Powhatan House was located where the current Chaplain's house, Phillips House, now stands. The original house was built in 1868 for Mr. Robbins. There is no image of Robbins’ original house, “Waverly.” The next owner, Dr. Dabney, had the house remodeled and changed the name to “Powhatan” to commemorate his origins in Powhatan County, Virginia. It was “a mere shell” in 1876 when Edmund Kirby Smith bought the house and renovated it. His ten children grew up in the house and it was the site of many local stories. It burnt in 1891 and he built a new house (pictured here) on the same site. Kirby-Smith died in 1895 and his daughters, Miss Bessie who was Postmistress, and then Mrs. Hale and Mrs. Crolly, (“Miss Carrie”), ran it as a boarding house. Many summer visitors stayed at Powhatan year after year; for nearly 40 years it was one of the choice places to spend the summer in Sewanee. After Miss Carrie and Mrs. Hale died in 1941 and 1943, respectively, the University acquired Powhatan. It was used for offices and lodgings for theological students while St. Luke's was being renovated. Powhatan House burned in 1956.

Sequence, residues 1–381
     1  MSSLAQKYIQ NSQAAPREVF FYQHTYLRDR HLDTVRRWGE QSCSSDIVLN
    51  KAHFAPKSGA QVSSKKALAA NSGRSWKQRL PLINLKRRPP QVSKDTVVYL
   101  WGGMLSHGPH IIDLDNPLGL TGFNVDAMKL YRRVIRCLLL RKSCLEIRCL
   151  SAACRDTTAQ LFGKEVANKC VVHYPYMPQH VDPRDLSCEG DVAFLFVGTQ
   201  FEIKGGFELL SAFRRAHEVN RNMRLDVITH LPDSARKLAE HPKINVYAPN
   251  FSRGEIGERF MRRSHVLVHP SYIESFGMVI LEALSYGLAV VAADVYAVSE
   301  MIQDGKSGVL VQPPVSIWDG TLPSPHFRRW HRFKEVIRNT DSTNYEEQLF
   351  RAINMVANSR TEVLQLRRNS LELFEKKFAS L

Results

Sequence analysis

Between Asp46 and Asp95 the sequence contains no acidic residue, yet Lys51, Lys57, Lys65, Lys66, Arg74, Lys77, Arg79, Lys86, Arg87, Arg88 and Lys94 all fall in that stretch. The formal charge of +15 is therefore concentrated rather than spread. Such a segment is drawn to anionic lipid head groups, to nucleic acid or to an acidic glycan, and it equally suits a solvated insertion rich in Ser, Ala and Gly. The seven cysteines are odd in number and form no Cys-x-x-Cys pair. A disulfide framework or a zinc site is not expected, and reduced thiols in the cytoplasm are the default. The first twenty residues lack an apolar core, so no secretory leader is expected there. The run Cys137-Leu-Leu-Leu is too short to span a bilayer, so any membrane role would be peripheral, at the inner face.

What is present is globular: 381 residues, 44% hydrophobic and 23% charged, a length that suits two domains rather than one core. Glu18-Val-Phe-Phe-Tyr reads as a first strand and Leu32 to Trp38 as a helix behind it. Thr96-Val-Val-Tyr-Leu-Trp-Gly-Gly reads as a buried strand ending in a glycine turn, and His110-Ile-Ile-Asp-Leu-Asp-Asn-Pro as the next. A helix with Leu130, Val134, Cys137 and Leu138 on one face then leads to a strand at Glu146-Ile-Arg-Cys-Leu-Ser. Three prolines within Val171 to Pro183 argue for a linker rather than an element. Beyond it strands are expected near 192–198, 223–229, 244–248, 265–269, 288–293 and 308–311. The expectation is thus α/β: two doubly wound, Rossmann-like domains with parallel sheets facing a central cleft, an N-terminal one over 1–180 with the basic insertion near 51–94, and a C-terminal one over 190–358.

Carpenter, J. (Ed.). (2007). Sewanee Ladies. Sewanee, Tennessee: Proctor's Hall Press.
Chitty, A. B. (1978). Sewanee Sampler. Sewanee, Tennessee: The University Press.
Gailor, C. (1970). Old Sewanee Houses; The First Fifty-Years, 1860-1910. Unpublished manuscript, Sewanee: the University of the South, Sewanee.